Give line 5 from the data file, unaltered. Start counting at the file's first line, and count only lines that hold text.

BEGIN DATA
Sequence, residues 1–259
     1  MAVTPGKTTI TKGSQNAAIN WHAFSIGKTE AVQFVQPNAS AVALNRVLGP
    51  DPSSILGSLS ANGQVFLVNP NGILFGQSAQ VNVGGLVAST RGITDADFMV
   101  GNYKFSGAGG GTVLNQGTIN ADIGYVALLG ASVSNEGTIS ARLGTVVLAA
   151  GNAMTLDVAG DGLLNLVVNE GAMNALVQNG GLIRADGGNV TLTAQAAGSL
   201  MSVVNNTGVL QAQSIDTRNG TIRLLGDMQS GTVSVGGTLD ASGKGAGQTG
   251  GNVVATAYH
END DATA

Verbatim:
   151  GNAMTLDVAG DGLLNLVVNE GAMNALVQNG GLIRADGGNV TLTAQAAGSL